You have a great point, but my one year old daughter at the time and I had no problem coming from the Torch 9800. She now uses my wife's Z10 as her main device.

    Is there really any such thing as "BlackBerry Experience"? Or is just a figment of our imaginations.-img_20140202_193656.jpg

    Posted via CB10
    I doubt that child "uses" anything; more like just plays around with the device like they would any toy.

    Sent from my Galaxy Note 3 using Tapatalk
    03-09-14 11:42 PM
  12. xBURK's Avatar
    I doubt that child "uses" anything; more like just plays around with the device like they would any toy.

    Sent from my Galaxy Note 3 using Tapatalk
    Well, She knows how to Swipe Up and Unlock the Device / Open You Tube and find and play Yo Gabba Gabba / Knows how to Swipe Up and then close an App / knows how to open Sound Recordings App and then swipe left to open up other Genres and Select / knows how to open up Photos and Videos and cruise through them/ knows how to use Parrot Voice Recordings App to record and then play back her recordings etc..etc. That's at two years of age.

    Like I said, I understand your point.
    I just don't think it should be labeled too hard to learn by the press and critics.
    I'm seriously not the brightest of men and I had the Z10 mastered in one hour.

    Posted via CB10
    clickitykeys, wincyUt and jakie55 like this.
    03-10-14 12:03 AM
  13. clickitykeys's Avatar
    The Multi-Tasking on other devices is simply just as easy to access (easier in some places - just a button press on most Android/Windows Phones and a double press on iOS) and on some devices actual multi-tasking from a productivity sense is far superior to what BlackBerrry offers on their devices.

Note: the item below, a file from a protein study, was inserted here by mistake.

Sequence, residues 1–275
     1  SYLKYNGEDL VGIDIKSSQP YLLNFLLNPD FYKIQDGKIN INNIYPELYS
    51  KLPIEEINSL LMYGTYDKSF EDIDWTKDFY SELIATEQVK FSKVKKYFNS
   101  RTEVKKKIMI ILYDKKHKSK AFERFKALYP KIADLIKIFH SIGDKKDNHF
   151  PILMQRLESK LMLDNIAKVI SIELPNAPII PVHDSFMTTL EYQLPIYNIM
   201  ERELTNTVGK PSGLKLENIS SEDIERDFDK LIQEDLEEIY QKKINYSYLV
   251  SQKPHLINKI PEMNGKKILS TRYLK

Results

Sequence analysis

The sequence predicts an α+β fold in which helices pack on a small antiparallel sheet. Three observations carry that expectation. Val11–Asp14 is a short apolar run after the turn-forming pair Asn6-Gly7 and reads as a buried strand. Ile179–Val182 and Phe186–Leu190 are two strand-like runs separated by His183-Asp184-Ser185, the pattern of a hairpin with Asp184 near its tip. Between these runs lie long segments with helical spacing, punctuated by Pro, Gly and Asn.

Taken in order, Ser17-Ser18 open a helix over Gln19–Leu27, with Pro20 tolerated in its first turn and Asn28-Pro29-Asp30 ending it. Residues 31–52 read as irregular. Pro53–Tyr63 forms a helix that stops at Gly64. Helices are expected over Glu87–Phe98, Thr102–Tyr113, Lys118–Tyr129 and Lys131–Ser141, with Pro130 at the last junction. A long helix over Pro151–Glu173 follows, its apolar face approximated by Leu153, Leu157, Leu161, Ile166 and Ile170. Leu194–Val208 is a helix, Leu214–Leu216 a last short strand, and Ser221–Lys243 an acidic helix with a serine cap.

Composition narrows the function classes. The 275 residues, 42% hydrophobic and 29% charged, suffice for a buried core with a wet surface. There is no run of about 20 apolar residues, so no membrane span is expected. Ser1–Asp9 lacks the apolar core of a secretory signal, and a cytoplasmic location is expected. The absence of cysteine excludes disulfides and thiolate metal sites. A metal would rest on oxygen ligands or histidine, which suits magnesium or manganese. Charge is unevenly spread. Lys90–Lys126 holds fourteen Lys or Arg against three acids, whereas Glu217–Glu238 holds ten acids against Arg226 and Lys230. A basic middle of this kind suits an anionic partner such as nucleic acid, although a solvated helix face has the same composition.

Far superior? I'd say roughly equal, and that's being charitable. Even on my big iPad screen, iOS7 double-press-and-flick-up is godawful. Many of my colleagues use iphones, and even they think it's gimmicky and contrived. Long-press in native Android is better, but it would be a wash when compared with BB10's method. Depends on who you ask.

    Have you seen the advances Samsung has made with Multi-Windowing apps in the Note 3? Drag and Drop, etc.
    Yes. Seen and used them (not on Note 3 yet, but on the S4) and found them pretty darn cool.
    03-10-14 12:36 AM
  14. --TommesJay--'s Avatar
    Different because this "Decade Ago" way of forcing people to think about managing the processes on their phone is... Not quite a selling point. The Multi-Tasking on other devices is simply just as easy to access (easier in some places - just a button press on most Android/Windows Phones and a double press on iOS) and on some devices actual multi-tasking from a productivity sense is far superior to what BlackBerrry offers on their devices.

    Have you seen the advances Samsung has made with Multi-Windowing apps in the Note 3? Drag and Drop, etc.

    Even LG has made great strides there and I wouldn't be surprised if these features began to become more mainstream. Microsoft may eventually introduce some of that in Windows Phone given average device sizes (or they could just limit it to the bigger devices like they do with the third column on the start screen).
    Seriously dude is there anything you understand. I'm just going to ignore this. This whole multitasking thing incl Samsungs multi window ability has been discussed a 1,000 times. And know, multi window is a completely different use case and not superior for what I seek in a phone.
    03-10-14 01:33 AM
  15. LordDraco's Avatar
    I'm using Nokia Lumia, LG G2 and also z10. All platform have their own uniqueness. Different experience from each platform.
    And BB10, has its own signature and i felt different experience using it.

    Posted via CB10
    03-10-14 01:43 AM
  16. southlander's Avatar
    You don't seem to understand what I am saying.
    Sure I do. I merely qualified it to include the fact that while folks that know iOS and Android inside and out might find BlackBerry 10 too different (yeah I concede that of course) ... someone like Xenolock might try each with no prior bias and gravitate towards BlackBerry 10. In fact I think he pretty much said that.

    Z10STL100-4/10.2.1.2141
    03-10-14 01:54 AM
  17. cgk's Avatar
    Isn't this a rather narrow discussion of "multi-tasking" that is concentrated around the artifact not the person?